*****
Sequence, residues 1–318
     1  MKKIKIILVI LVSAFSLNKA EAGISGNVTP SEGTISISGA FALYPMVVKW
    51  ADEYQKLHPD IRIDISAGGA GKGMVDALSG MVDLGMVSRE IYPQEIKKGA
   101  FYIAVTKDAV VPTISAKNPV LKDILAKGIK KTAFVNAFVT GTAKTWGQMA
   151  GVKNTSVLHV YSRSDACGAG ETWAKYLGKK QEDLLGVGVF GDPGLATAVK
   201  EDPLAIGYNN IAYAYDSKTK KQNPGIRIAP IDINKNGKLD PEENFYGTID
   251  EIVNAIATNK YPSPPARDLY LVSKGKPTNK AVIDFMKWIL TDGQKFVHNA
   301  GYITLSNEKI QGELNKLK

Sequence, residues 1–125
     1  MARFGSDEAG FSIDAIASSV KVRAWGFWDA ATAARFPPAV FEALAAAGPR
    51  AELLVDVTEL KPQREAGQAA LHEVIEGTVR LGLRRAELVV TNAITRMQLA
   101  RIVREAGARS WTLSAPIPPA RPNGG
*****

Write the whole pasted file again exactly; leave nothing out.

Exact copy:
Sequence, residues 1–318
     1  MKKIKIILVI LVSAFSLNKA EAGISGNVTP SEGTISISGA FALYPMVVKW
    51  ADEYQKLHPD IRIDISAGGA GKGMVDALSG MVDLGMVSRE IYPQEIKKGA
   101  FYIAVTKDAV VPTISAKNPV LKDILAKGIK KTAFVNAFVT GTAKTWGQMA
   151  GVKNTSVLHV YSRSDACGAG ETWAKYLGKK QEDLLGVGVF GDPGLATAVK
   201  EDPLAIGYNN IAYAYDSKTK KQNPGIRIAP IDINKNGKLD PEENFYGTID
   251  EIVNAIATNK YPSPPARDLY LVSKGKPTNK AVIDFMKWIL TDGQKFVHNA
   301  GYITLSNEKI QGELNKLK

Sequence, residues 1–125
     1  MARFGSDEAG FSIDAIASSV KVRAWGFWDA ATAARFPPAV FEALAAAGPR
    51  AELLVDVTEL KPQREAGQAA LHEVIEGTVR LGLRRAELVV TNAITRMQLA
   101  RIVREAGARS WTLSAPIPPA RPNGG